Incendiary Weapons between Banning and using them in Armed Conflicts


Incendiary weapons have far-reaching implications for public health, infrastructure, civilians, and the military. Their impact can extend over large areas of targeted territories, making them among the most inhumane weapons used in wars and armed conflicts. Protocol III to the Convention on Conventional Weapons defines incendiary weapons as those designed to set fire to objects or cause burns to individuals through flame, heat, or a combination of both. The use of these weapons leads to severe burns, respiratory damage, and scarring on civilians' bodies. The absence of specialized medical care in conflict areas exacerbates the consequences. Additionally, the use of incendiary weapons can cause profound psychological trauma, and destroy homes, infrastructure, and crops, resulting in long-term social and economic damage and ongoing suffering.

Consequently, the use of incendiary weapons, including white phosphorus, in conflict zones such as Afghanistan, the Gaza Strip, and Syria has raised serious concerns among numerous States parties to the Convention on Conventional Weapons. These concerns primarily revolve around the severe humanitarian impact of incendiary weapons and those with chemical effects. Consequently, many countries have called for the strengthening of Protocol III of the Convention on Conventional Weapons, which is the only international instrument dedicated to regulating incendiary weapons. The current climate presents an opportune time for meaningful discussions within the Convention on Conventional Weapons to address the implementation of Protocol III and consider measures to enhance its universality. The High Contracting Parties to the Convention on Conventional Weapons bear the responsibility of taking necessary actions. Given the devastating effects of incendiary weapons, it is imperative to strengthen international law about these weapons, particularly by adopting an effects-based definition of incendiary weapons in Protocol III that covers multi-purpose munitions.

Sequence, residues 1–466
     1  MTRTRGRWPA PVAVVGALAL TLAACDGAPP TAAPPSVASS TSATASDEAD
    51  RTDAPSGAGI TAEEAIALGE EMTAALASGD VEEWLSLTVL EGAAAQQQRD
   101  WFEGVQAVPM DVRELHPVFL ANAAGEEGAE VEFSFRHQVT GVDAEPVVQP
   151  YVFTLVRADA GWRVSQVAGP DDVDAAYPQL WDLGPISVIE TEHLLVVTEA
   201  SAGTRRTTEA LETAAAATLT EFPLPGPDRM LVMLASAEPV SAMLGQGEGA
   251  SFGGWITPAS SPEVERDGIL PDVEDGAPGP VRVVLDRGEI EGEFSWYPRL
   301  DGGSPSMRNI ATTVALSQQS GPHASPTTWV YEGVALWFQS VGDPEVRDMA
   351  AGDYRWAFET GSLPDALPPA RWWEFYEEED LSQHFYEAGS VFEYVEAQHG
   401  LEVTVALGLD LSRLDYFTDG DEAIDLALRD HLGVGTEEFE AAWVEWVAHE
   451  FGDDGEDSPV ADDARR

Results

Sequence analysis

In light of the repeated use of incendiary weapons, including white phosphorus, by the Israeli occupation forces in recent conflicts in Lebanon and the Gaza Strip, Maat for Peace, Development, and Human Rights aims to shed light on this issue through its #Let's_Keep_Weapons_Safe campaign. This paper seeks to clarify the nature of incendiary weapons, their legality in armed conflicts, and the humanitarian impact of their use.


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